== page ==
Free Can Be a Great Customer Service Strategy
Giving away something of value for free can be one of the most effective ways to provide great customer service. The cost of the item or service that you give away can be small for you—really small—but the customer on the receiving end may see it as very valuable.
A restaurant owner might occasionally buy his regular customers a drink or dessert. But you can think even smaller than that. Your “giveaway” could be something that costs you only a dollar or two—or even less.
What got me thinking about this was an email from Ron Backer, president of Gracey-Backer, who saw me speak several years ago. Ron wrote that he was pulled over by a police officer one night for having a burnt-out brake light. Ron didn’t get a ticket because he promised the officer that he would go and get the light replaced immediately. He drove to the nearest service station where the mechanic quickly replaced the bulb. When Ron asked what he owed, the mechanic replied, “This one’s on me.”
The words took Ron by surprise. He said, “I wasn’t even his customer, but I am now! I used to buy gas at the discount gas station a few blocks away and save a penny a gallon—maybe 20 cents on a tankful. Not anymore. I now get my gas at the Exxon station.”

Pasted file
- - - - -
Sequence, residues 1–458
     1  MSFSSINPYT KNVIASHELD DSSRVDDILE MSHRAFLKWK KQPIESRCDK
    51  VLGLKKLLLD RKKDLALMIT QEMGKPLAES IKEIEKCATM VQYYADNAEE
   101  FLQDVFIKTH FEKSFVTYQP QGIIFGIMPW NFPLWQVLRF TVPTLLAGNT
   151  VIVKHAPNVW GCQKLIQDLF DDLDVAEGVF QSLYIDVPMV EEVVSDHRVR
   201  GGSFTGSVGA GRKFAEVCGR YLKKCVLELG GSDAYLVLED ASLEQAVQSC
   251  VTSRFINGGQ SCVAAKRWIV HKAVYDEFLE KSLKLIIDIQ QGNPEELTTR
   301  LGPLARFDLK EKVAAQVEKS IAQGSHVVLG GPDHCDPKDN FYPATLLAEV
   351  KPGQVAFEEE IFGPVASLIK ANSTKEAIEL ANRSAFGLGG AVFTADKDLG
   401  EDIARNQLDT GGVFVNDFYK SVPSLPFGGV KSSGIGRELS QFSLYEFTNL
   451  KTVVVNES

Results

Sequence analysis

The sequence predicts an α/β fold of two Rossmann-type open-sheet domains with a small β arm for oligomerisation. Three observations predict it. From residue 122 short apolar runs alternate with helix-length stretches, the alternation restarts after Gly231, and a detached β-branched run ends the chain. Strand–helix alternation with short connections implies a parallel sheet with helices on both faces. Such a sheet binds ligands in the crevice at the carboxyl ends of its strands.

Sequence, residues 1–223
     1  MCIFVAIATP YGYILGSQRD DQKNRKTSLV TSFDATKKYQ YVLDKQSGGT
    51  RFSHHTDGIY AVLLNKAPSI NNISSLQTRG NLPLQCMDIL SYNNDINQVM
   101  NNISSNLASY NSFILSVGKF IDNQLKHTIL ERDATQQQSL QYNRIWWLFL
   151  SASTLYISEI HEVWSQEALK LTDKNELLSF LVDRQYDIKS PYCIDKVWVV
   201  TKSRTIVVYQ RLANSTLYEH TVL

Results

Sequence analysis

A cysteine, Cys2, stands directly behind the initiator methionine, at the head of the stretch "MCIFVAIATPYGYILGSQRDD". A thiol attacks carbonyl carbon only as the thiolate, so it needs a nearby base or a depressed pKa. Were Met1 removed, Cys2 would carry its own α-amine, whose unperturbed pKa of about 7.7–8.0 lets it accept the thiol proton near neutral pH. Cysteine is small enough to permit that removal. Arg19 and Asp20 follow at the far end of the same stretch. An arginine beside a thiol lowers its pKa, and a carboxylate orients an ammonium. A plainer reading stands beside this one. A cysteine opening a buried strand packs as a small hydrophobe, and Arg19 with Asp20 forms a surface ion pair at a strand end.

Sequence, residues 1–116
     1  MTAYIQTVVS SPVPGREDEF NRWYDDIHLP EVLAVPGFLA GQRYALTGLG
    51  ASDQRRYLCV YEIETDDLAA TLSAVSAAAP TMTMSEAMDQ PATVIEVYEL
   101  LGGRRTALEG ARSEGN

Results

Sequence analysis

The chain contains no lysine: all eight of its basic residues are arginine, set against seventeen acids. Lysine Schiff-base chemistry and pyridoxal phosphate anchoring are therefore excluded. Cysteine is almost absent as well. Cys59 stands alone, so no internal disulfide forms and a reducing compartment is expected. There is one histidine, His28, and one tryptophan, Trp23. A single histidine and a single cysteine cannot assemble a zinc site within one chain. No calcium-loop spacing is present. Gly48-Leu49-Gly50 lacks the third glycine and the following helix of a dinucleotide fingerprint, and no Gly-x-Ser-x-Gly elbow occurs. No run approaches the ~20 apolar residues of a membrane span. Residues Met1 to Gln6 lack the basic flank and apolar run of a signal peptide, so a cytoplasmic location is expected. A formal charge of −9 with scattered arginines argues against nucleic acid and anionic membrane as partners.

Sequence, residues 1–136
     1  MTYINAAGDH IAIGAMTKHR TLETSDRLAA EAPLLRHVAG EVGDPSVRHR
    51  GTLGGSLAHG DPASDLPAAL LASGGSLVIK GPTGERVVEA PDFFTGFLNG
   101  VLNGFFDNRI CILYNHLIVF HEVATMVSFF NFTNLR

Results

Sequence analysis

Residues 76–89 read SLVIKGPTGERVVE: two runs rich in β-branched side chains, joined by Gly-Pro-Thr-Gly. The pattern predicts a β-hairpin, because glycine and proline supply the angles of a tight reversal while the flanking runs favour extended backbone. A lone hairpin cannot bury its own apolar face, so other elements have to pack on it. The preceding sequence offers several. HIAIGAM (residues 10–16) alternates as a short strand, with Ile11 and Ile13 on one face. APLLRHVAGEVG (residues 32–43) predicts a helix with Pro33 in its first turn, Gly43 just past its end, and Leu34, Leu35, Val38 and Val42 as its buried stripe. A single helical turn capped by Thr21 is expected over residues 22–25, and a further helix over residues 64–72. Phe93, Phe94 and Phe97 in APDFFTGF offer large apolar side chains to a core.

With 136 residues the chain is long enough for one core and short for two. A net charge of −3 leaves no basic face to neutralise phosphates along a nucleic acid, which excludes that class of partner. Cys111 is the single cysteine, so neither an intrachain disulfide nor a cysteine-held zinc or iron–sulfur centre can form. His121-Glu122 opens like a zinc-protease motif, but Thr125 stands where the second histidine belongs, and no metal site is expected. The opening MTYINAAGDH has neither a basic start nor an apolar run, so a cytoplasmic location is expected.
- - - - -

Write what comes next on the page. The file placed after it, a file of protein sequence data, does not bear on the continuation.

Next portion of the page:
This story reminded me of another business owner, Chris Zane, who is known for his amazing customer service. Zane owns a bike store in Connecticut and one of his customer service strategies is to not charge the customer for anything that costs less than a dollar. If a customer comes into his shop, for example, and needs a master link, a small but important part that holds the chain together, Zane delights in seeing the look on the customer’s face when he says that there is no charge. He says, “The cost to me is virtually nothing. We’re not going to chase the pennies—we’re looking at the long-term effect of giving someone a master link.” The long-term effect translates into loyal customers who may spend thousands of dollars over time—whereas giving away small but important parts costs Zane less than $100 a year. Zane has written a book about his customer service philosophy, and it is available on Amazon.com.
You can also give customers (or potential customers) something of value that has no monetary value at all. It may be just taking a little extra time or making an effort to do something nice. One of our newsletter subscribers sent in a story about a time that he was stranded alongside the road with car trouble. A limo driver took the time to stop as he was driving by to offer him a ride to the service station. There was no charge—he was just being nice—but in the end, it paid off and he gained a new customer. The man who was stranded owns a company that now hires the limo driver when he needs a ride to and from the airport.
Free can be a great customer service strategy. It adds value, promotes goodwill and builds trust. All good things that can eventually lead to customer loyalty!